even in cutting weight:

    alberg et al. (1988) studied cutting weightlifters and they still found 0.73g/lb was sufficient to maintain lean body mass

    Thoughts?

    • Michael Matthews

      Check this out:

      http://www.muscleforlife.com/low-carb-diet/

  • Jim Anderson

    Hi Mike
    I’m 66 yrs old and 80 kg,I am using My Fitness Friend app and it advises me to eat 2000 calories per day,consisting of carbs 50 percent,fat 30,and protein 20 percent,should I change the percentages to allow for my age? I train about 5-6 days per wk,for about 1-2 hours,depending if I do cardio or not

    • Hey Jim!

      Yeah I would change a bit. Check this out:

      http://www.muscleforlife.com/healthy-meal-planning-tips/

      • Jim Anderson

        Thanks Mike,just a little tweak needed .and thanks for being available to answer mine and everybody else’s questions,muck appreciated .

  • Saurabh

    Hi Mike,
    Your website is a holy book like stuff for anyone who is into fitness. My query here is that, I am a vegetarian. I consume 1 gram protein per pound bodyweight for one year now and surely I have made gains, but a strange thing is that my friends who dont even complete 100 gm protein per day are ahead of me in strenghth as well as gains. Is there something that stops or minimize the protein absorbed by a person’s body.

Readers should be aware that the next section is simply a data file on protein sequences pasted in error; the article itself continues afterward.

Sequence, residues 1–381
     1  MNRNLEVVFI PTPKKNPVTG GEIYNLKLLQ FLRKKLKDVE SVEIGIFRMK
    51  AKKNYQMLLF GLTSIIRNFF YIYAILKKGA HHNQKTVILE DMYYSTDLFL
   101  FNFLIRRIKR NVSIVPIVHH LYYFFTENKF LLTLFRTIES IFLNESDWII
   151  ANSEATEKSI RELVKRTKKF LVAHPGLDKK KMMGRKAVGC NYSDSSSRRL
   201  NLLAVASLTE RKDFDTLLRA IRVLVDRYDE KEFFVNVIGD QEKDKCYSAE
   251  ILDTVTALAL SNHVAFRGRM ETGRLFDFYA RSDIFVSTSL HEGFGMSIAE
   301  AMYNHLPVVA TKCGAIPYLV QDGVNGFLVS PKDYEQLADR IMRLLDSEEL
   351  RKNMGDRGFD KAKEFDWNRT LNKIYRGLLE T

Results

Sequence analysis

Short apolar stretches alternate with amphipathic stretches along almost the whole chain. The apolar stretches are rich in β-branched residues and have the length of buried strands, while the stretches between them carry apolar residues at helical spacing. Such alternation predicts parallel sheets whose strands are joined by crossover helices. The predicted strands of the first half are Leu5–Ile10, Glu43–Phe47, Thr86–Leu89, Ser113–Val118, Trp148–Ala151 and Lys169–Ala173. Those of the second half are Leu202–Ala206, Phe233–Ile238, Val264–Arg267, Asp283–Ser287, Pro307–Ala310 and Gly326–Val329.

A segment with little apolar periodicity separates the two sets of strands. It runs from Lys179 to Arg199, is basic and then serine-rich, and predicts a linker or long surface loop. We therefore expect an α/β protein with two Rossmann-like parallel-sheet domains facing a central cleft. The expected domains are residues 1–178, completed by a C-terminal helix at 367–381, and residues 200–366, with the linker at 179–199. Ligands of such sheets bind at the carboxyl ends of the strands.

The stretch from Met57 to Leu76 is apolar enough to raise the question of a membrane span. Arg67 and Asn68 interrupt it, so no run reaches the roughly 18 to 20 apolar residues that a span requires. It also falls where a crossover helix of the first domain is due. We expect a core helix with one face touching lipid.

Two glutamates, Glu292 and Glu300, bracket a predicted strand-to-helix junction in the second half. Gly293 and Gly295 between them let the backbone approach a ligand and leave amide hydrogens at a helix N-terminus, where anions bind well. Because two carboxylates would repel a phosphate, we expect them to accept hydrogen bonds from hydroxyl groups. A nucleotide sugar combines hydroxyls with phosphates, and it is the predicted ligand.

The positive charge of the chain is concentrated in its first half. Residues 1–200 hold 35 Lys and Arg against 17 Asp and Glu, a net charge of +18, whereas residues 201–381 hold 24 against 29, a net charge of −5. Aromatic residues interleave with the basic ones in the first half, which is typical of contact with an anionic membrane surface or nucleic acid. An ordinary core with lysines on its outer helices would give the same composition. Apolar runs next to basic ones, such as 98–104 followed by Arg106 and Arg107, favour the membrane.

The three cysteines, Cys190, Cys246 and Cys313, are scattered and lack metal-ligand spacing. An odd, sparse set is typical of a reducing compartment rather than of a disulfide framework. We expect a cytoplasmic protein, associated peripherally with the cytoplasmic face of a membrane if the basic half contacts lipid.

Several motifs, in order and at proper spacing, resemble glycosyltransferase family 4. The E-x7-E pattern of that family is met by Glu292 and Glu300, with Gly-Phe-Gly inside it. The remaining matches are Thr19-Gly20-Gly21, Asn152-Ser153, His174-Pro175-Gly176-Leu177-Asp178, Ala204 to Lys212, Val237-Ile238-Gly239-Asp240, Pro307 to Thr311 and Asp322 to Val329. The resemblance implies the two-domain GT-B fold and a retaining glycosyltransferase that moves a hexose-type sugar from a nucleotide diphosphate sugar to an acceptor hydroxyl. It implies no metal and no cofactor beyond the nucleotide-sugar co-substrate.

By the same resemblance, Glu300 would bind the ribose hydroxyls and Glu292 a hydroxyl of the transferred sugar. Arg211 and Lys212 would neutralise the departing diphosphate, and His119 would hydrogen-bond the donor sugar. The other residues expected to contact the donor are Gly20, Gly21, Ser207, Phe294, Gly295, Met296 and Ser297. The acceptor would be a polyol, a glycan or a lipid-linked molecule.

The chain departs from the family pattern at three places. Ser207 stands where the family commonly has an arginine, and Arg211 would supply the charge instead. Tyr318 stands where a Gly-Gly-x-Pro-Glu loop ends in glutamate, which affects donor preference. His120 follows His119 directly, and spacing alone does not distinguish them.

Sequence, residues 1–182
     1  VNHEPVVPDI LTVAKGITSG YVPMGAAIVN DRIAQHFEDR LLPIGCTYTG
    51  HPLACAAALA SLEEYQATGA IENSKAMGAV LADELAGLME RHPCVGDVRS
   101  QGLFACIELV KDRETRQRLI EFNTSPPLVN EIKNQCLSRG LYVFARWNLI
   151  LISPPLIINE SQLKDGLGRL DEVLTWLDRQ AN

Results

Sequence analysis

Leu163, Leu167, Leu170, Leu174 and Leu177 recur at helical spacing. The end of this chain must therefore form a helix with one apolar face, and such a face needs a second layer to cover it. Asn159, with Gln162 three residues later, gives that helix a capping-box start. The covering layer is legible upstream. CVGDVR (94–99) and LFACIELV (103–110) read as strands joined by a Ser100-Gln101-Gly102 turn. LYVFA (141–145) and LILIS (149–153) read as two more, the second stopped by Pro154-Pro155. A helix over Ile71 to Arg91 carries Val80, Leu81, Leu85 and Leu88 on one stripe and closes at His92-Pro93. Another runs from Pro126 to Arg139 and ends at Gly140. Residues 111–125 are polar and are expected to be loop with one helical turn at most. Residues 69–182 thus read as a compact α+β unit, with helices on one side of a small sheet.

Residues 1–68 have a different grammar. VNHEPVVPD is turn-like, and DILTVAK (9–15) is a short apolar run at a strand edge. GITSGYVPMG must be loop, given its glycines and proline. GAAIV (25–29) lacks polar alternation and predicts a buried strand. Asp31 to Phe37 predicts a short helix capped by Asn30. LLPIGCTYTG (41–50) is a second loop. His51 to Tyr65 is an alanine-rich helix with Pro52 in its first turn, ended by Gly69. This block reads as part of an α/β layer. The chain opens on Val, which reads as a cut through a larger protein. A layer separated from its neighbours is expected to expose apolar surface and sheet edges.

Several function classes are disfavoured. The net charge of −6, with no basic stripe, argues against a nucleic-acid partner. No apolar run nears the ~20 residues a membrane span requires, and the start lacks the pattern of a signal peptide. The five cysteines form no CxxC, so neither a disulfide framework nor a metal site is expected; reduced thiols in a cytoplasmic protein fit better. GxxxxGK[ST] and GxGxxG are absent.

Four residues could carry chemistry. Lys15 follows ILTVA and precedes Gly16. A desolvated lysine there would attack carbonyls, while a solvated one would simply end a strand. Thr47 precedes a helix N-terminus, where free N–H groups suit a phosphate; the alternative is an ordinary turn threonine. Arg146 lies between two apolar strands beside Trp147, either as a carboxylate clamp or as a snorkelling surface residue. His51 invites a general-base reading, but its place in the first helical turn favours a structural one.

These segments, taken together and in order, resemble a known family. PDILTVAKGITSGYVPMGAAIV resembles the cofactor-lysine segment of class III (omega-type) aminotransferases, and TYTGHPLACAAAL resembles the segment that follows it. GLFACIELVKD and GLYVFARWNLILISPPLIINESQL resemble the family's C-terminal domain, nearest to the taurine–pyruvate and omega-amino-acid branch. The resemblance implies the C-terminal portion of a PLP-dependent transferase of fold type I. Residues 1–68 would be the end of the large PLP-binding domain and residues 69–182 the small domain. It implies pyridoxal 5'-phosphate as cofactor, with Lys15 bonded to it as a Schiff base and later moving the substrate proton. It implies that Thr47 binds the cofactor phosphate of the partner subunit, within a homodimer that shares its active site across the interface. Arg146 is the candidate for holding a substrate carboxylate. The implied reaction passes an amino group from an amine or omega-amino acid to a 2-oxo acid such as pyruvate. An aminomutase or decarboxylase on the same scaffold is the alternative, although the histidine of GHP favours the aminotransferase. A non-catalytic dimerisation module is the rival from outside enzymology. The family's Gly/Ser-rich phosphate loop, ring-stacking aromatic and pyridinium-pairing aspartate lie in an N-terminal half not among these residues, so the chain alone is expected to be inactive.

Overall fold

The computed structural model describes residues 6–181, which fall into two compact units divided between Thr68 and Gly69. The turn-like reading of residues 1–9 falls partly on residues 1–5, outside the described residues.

Btw I take whey, milk, rice, curd and cottage cheese to get my protein mostly. I really want to understand this funda. Kindly guide

    • Haha thanks!

      Hmm dairy is a good source of protein. I’ve seen research that indicates that meats trumps all though when it comes to building muscle and strength.

      That said, you may just be seeing genetics/training/diet advantages?

      • Saurabh

        Thanks for the reply Mike, but again how can a person who is having 2 scoops of whey daily is not responding as much as a persoin who is just consuming a few eggs or some chicken twice or thrice a week. Has it something to do with Nitrogen balance in body of an individual or some individuals can not consume all the protein that they ingest by different sources as me.
        Its really sad part for me, coz I have not been able to understand this concept at all. Kindly guide.

        • The protein probably isn’t the issue. How you’re training vs. them, rest & recovery, genetics, etc. are the more likely culprits.

          • Saurabh